The defending champion dominated on her serve, winning the first set without dropping a point while serving. Her main weapon let her down only at the start of the second set, when Minella was able to take a 2-0 lead when Williams double-faulted on break point.
She was one point from going down 3-0 but then won 15 of the next 18 points to take a 4-2 lead, and broke again to secure the win.
"For me, it's the greatest moment for a tennis player to walk out on Centre Court," Williams said after her first match at Wimbledon since winning Olympic gold here last year. "That was such a great moment too. So many great memories on this court."
The top-seeded Williams has now won 32 consecutive matches, and is now 44-2 overall in 2013.
Williams moves on the play Caroline Garcia of France in the second round.
Top-seeded Novak Djokovic advanced to Wimbledon's second round with a 6-3, 7-5, 6-4 win over Germany's Florian Mayer on Tuesday.
Looking to win his second title at the All England Club, Djokovic was playing his first match of the year on grass after losing in the semifinals at the French Open. He managed the switch from clay easily, controlling most of the match and saving the three break points he faced.
Djokovic won his only Wimbledon title two years ago.
James Blake, routed Thiemo De Bakker of Netherlands 6-1, 6-3, 6-2, ending a five-match Wimbledon losing streak.
The 33-year-old American, a former top-five player currently ranked 87th, reached the second round at the All England Club for the first time since 2008. He lost his opening matches at the grass-court Grand Slam tournament each of the past four years.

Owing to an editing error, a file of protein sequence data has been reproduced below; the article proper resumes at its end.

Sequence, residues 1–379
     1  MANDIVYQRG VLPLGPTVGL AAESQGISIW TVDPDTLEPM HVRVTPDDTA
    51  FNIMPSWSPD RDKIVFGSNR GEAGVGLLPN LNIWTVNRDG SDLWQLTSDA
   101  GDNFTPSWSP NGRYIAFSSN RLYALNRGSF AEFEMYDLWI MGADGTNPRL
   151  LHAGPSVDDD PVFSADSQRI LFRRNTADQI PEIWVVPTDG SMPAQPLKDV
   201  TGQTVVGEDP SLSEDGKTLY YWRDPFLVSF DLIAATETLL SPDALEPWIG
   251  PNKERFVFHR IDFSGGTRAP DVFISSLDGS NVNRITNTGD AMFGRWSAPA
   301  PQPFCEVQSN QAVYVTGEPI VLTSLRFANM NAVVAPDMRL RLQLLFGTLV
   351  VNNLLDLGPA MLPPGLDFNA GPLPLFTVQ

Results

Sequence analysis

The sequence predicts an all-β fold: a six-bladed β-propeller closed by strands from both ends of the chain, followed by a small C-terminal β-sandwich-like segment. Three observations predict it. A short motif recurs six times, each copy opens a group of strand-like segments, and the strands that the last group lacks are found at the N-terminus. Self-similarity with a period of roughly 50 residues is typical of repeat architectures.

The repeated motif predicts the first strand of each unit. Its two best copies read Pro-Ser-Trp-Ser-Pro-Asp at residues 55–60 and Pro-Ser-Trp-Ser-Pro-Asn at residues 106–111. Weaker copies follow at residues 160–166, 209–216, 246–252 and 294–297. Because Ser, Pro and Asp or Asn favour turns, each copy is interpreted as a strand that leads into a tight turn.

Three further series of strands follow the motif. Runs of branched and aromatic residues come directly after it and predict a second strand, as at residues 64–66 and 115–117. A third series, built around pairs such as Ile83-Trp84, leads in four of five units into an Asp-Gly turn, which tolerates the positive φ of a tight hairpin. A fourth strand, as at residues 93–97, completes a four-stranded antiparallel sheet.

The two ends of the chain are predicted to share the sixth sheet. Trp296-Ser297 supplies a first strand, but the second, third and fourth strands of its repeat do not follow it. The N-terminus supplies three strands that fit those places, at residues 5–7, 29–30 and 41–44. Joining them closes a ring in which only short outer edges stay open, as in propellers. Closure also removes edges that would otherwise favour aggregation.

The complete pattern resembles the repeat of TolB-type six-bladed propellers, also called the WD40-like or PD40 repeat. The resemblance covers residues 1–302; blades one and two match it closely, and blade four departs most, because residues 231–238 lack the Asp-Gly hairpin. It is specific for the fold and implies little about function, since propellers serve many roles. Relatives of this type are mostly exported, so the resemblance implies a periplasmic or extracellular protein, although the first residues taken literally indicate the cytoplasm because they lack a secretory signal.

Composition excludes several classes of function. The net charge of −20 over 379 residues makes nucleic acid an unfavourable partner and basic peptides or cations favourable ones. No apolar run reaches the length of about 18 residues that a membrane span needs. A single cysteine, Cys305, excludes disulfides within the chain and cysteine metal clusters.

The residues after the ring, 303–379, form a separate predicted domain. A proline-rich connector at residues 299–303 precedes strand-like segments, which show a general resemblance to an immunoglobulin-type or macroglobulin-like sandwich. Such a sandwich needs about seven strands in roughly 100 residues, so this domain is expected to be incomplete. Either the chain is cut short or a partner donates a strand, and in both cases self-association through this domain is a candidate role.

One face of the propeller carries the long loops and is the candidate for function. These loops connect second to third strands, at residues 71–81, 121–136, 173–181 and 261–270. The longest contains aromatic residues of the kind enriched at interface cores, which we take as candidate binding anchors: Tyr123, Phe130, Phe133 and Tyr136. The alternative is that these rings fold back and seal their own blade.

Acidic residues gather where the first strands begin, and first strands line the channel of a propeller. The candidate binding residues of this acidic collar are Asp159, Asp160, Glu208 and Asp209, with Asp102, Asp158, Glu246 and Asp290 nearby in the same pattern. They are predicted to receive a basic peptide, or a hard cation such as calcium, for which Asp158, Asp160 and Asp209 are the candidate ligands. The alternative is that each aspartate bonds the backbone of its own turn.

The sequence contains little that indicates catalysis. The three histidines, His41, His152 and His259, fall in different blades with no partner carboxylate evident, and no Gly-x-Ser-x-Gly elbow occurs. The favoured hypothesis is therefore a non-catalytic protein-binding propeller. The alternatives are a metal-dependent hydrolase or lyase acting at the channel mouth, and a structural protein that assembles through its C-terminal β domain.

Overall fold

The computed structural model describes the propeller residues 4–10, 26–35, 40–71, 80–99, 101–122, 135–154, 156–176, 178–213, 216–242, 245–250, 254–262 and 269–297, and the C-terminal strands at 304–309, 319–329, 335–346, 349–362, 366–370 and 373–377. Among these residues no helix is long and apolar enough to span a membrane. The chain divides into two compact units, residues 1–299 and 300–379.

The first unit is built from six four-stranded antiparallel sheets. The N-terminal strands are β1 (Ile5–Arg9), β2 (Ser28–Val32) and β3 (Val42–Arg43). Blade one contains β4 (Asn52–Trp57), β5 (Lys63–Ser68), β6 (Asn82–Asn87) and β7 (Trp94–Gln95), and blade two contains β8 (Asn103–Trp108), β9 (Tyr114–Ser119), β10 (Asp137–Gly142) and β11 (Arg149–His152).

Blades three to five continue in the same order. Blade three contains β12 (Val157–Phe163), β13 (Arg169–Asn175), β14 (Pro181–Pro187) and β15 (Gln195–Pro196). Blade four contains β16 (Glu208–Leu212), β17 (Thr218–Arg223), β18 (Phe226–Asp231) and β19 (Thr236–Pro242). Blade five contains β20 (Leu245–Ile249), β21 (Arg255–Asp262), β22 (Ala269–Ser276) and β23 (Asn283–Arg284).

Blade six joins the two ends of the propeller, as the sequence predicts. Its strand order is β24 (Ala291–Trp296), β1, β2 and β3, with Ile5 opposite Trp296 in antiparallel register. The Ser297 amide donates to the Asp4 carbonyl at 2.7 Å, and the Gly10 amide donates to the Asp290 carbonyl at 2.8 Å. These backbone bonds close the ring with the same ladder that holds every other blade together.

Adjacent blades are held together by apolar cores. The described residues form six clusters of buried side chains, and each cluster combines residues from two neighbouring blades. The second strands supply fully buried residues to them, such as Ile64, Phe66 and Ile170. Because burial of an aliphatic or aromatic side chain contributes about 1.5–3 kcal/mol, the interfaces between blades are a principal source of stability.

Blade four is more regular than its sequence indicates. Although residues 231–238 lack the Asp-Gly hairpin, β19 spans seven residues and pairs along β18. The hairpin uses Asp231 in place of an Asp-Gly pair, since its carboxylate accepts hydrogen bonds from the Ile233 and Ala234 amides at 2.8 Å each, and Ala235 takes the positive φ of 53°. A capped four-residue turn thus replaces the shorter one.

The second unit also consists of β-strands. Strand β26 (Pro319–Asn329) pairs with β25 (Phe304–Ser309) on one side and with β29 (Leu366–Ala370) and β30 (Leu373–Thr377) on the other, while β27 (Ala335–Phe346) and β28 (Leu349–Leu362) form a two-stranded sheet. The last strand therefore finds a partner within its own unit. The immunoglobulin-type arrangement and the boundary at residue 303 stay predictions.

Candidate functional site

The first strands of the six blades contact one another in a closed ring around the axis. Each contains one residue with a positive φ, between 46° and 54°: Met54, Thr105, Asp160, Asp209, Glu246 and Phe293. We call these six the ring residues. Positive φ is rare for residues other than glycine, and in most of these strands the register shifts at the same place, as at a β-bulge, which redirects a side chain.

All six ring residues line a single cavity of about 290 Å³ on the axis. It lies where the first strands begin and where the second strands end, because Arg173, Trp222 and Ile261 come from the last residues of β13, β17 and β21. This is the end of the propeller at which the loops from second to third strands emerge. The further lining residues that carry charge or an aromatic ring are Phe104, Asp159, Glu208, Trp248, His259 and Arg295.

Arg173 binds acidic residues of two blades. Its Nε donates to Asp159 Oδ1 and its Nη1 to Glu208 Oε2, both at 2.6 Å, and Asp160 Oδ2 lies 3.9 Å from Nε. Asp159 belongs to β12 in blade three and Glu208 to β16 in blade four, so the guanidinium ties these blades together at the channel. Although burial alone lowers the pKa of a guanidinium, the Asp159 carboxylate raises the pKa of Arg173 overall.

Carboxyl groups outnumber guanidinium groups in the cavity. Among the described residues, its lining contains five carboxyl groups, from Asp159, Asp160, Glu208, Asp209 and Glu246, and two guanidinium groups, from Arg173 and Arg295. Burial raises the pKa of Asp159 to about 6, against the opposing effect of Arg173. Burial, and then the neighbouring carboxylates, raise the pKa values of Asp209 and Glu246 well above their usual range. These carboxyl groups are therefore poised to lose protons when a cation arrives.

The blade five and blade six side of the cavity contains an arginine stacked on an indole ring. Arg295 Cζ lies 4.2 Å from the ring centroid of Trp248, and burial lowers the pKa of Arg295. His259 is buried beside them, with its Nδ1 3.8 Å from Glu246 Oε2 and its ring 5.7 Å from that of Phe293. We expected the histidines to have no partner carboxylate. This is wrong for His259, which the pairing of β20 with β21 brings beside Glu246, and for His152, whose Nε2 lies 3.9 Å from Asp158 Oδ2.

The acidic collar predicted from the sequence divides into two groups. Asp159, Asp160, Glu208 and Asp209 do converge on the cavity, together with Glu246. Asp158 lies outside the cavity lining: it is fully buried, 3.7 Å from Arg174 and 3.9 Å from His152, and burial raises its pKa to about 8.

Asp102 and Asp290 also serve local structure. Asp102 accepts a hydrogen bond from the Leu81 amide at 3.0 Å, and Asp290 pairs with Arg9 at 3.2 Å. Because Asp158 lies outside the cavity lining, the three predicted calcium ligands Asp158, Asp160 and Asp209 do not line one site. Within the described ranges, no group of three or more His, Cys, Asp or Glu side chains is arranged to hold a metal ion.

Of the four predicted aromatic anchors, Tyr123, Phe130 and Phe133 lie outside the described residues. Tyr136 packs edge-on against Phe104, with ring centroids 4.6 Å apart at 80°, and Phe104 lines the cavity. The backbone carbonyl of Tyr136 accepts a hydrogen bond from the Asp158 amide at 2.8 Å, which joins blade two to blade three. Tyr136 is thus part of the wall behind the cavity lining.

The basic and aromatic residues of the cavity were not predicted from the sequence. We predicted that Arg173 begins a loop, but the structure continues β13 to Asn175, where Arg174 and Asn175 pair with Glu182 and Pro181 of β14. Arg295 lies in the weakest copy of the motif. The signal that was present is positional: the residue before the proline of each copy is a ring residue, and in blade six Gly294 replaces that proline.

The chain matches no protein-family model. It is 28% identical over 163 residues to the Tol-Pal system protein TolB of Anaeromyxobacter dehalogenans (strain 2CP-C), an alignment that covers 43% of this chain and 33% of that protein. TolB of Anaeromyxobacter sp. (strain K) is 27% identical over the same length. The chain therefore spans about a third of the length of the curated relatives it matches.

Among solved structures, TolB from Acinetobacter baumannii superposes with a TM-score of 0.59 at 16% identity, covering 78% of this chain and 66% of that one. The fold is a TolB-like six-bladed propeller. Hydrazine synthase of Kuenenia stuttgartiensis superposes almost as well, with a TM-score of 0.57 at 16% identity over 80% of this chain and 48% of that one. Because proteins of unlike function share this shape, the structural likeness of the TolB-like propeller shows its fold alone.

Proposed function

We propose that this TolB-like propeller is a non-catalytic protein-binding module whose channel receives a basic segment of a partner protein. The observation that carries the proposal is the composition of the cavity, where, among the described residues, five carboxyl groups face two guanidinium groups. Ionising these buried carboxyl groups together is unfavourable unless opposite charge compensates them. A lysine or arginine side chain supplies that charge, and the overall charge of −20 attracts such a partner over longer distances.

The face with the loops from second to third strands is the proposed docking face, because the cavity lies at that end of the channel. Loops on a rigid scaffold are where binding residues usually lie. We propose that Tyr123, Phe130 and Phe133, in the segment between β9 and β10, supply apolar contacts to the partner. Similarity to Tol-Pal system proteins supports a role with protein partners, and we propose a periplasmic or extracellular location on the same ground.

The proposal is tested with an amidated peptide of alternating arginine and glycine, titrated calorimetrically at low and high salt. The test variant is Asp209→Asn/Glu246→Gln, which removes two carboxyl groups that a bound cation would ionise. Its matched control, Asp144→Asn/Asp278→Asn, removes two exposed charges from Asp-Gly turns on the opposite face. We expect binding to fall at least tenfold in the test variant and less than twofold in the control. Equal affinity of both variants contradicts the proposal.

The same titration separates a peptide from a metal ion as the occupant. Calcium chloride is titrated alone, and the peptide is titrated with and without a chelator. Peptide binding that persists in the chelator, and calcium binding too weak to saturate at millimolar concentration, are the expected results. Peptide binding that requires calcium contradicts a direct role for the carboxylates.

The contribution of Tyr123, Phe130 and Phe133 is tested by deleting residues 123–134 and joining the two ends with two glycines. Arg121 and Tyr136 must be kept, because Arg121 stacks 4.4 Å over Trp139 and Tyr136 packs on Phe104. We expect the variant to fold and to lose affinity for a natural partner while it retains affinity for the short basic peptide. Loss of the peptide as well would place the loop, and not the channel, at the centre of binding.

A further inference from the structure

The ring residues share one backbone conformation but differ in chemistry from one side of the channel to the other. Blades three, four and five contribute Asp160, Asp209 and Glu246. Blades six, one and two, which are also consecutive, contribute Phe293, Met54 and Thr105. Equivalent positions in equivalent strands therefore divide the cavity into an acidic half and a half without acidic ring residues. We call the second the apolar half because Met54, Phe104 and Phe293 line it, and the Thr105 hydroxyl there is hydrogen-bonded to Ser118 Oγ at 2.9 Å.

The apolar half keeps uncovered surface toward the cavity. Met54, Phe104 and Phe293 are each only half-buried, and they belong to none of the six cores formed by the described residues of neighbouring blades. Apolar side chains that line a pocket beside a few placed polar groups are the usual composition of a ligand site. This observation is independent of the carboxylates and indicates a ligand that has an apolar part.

Blake's best Wimbledon showings were reaching the third round in 2006 and 2007.
American teen Madison Keys earned her first win at the All England Club on Tuesday, beating Britian's Heather Watson 6-3, 7-5.
A rising star at 18, Keys doesn't have much experience on grass, but she showed potential with big serves and groundstrokes.
Also Tuesday, Kimiko Date-Krumm needed just 44 minutes to defeat German teen Carina Witthoeft 6-0, 6-2 in the first round.
The veteran Japanese player, at 42, is the second oldest player to have won a match at Wimbledon after Martina Navratilova, who was 47 when she reached the second round in 2004.
The 18-year-old Witthoeft was making her Grand Slam debut.
The former No. 4-ranked Date-Krumm reached the semifinals at Wimbledon in 1996, a few months after Witthoeft celebrated her first birthday.
Witthoeft struggled with her first serve and was broken six times by Date-Krumm, who came out of retirement in 2008.